Some comments in the notebook are truly precious as I experienced English culture for only the second time in my life: “mango pickle is good but very hot”; Church of England services are full of “lots of memorized, ancient, cultic words”; the toilet in one of our hotels made “violent exploding sounds”; a woman cautioned me from going up an ancient church tower because it had “wooky stairs” (or at least that’s what I thought she said—certainly she said “wonky”); and the most enigmatic, as we drove through Rye, I commented “very stupid”. I marvelled that McDonalds in England served strawberry trifle.
The first few weeks of the Choir Tour were in France, Switzerland Germany and the Netherlands, but I will skim over these fairly quickly, and focus mainly here on the English part of the tour. We landed in Paris on 18 May—already I see how dated my travel log is, since one of the chief complaints about the flight was how several of us were accidentally seated in the ‘smoking section’. A bunch of groggy young people then sat waiting for our coaches to pick us up and take us into Paris.
We spent about five days in Paris, visited all the major sites (including my first experience of the Palace of Versailles!), and gave short concerts at Chartres Cathedral and the Church of La Madeleine. Our concerts were mostly made up of American choral music, modern and traditional songs, but not entirely American, as we also included some of Vaughan Williams’ Mass in G minor. We also explored Paris and enjoyed many of its famous sights…
After Paris, we made short stops and concerts in Geneva and Lucerne, where we ascended to the top of an Alpine peak.
We then crossed into Germany and spend a few days in Stuttgart, where we did a concert in the old Ducal Palace, in its beautiful ‘Weißer Saal’ (‘White Hall’).
Afterwards there was a reception where I met some interesting people. Our host was the Mayor of the City, Manfred Rommel, whose father had been the famous ‘Desert Fox’ commander of German forces in North Africa in the Second World War. Much more interesting to me, however, was a man we had met earlier in the day at the Mercedes-Benz museum, Count Schweinitz, about whom I knew absolutely nothing (and still don’t), but was the very first genuine titled person I had ever met. Given my fascination with noble history that had absorbed me throughout my university studies, this felt like I was seeing a real live manifestation of that history for the first time. (I see now looking online that his family has an ancient pedigree in Silesia). A few moments later, my historical interest was raised several notches when I met the Count and Countess von Stauffenberg. He was the son of the famous Claus von Stauffenberg who led the attempted assassination plot against Hitler in July 1944. According to my notes, the Count was not very thrilled to be chatting with a 21-year-old American, but his wife, a Countess in her own right (von Bentzel-Sturmfeder-Horneck, of Schloss Thurn in Bavaria) was very engaging, talked to me about politics and life in Germany following reunification, and even gave me her card and invited me to visit when I came back through Germany, as I was planning to do later that summer. I didn’t visit her—for boring reasons mostly involving fighting with my travel partner; we are no longer friends—and I wonder what it would have been like if I had.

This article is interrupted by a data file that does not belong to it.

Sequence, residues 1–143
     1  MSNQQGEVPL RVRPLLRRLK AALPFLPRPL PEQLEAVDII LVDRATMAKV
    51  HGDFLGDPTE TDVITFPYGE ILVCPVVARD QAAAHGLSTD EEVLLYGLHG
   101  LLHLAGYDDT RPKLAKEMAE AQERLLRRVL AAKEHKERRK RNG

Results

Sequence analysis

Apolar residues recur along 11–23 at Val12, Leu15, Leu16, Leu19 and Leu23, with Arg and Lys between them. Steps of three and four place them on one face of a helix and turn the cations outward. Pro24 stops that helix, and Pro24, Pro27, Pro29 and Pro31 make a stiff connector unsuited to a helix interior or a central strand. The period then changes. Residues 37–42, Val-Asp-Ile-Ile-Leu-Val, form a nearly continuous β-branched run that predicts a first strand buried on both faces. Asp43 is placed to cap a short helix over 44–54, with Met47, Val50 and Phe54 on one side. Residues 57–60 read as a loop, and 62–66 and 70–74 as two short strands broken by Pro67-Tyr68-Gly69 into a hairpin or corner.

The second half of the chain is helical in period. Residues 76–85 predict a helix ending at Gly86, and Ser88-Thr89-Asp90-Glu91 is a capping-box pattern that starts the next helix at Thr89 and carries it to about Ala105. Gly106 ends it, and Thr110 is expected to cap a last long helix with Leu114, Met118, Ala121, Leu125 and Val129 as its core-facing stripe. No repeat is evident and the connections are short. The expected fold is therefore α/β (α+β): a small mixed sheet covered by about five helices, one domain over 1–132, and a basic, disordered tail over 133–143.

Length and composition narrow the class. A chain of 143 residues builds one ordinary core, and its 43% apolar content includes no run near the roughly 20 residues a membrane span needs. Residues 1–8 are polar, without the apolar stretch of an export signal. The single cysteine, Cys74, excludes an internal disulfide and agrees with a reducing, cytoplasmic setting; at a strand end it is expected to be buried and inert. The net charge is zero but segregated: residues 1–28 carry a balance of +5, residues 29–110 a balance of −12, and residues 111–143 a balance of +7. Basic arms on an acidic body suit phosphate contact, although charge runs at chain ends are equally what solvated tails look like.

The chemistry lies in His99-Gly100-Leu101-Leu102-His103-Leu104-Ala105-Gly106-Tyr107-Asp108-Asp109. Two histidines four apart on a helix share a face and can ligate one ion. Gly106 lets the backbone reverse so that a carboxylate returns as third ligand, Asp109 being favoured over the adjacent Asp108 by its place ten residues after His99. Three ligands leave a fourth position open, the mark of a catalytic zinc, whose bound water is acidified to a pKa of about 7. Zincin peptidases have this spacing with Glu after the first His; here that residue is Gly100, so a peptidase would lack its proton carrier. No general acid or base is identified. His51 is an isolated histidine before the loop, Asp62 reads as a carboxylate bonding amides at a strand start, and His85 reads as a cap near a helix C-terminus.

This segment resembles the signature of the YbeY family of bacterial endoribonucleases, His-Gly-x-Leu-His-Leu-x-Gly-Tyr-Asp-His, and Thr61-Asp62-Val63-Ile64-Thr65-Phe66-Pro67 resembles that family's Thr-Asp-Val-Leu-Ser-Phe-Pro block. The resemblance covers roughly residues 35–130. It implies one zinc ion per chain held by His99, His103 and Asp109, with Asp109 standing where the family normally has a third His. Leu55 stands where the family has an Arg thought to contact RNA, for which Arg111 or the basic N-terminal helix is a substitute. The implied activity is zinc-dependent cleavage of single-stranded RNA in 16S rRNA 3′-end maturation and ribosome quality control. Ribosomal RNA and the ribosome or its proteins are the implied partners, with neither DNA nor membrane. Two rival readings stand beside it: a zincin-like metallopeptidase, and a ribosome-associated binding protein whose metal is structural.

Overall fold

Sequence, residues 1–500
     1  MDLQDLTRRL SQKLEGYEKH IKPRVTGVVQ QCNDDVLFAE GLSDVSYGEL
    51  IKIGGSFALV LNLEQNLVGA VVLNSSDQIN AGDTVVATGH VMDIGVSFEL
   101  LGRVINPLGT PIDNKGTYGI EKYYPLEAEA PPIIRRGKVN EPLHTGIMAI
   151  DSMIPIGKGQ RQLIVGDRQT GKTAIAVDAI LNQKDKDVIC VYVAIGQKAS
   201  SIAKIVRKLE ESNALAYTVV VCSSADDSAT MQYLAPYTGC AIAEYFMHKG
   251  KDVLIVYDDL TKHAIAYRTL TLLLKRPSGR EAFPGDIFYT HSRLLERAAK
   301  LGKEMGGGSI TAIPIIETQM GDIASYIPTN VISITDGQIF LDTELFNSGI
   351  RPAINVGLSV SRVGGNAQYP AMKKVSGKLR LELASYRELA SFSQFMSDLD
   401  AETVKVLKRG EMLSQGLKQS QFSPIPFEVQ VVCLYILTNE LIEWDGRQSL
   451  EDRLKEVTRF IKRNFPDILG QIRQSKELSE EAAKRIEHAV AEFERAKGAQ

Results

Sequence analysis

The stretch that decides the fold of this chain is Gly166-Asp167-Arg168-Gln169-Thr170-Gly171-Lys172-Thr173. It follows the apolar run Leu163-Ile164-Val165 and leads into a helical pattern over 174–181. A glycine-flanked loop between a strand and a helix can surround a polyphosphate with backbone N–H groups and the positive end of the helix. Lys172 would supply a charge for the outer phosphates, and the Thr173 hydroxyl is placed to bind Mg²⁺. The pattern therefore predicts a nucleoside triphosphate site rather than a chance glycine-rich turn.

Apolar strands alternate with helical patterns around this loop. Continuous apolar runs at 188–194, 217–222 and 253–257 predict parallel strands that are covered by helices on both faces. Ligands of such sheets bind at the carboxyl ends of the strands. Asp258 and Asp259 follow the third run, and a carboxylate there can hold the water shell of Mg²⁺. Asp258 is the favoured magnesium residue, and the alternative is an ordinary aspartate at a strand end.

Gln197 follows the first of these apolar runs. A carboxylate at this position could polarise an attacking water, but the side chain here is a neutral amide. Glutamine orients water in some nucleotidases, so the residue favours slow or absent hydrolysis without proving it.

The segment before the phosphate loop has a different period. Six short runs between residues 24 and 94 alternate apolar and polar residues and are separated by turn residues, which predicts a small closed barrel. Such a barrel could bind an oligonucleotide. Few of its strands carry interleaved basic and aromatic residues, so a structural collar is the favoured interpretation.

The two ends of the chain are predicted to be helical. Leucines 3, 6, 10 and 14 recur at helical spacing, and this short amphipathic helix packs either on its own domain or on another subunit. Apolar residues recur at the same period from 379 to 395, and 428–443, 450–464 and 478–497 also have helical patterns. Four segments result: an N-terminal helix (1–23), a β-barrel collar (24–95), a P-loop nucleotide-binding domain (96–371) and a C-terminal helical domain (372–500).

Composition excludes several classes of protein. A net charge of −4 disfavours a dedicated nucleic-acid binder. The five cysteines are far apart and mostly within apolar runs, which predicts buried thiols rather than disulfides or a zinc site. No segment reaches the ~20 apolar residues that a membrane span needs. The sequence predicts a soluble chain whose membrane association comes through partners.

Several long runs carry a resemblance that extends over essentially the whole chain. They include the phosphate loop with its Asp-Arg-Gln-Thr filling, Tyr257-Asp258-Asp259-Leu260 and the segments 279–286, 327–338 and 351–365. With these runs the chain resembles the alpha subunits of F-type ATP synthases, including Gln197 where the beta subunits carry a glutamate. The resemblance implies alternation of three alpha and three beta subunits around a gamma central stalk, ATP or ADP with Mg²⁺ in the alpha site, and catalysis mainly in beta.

After Stuttgart, the Choir took a leisurely boat cruise down the Rhine, then re-joined our buses the next morning for a short drive across the border into the Netherlands.
In the Netherlands, we spent the morning at Het Loo Palace. This was the favourite residence of William and Mary as Dutch stadtholders before they became king and queen of England, Scotland and Ireland in 1689. It’s a beautiful building, and especially its gardens, though the scale really drove home the point to me of what it meant to be a prince in a Calvinist republic versus an Anglican monarchy (which was itself of course a lot more restrained than what we had seen in absolutist France at Versailles the week before).
On a previous European tour, the William & Mary Choir had famously sang at Het Loo for Princess Margriet, sister of the then Queen of the Netherlands, as part of the ongoing theme of re-connecting with our William & Mary past. But on this trip we did not—I guess it was felt that meeting the Queen of England in a few weeks would be ample royal contact. Another outstanding anecdote emerges from my notebook at this point: in the gift shop, none of us had any guilders, since we were not even staying one night in the Netherlands, and this was before many people had a credit card. Our friend Kate did have one, but there was a spend minimum, so a bunch of us tried to pool our purchases, and “the shop ladies were so slow and funny and it took nearly a half an hour. So we were quite late for lunch!” In the back of the notebook where I kept track of my spending, there is a note that says I owe Kate 18.75 guilders—I wonder if I ever paid her back?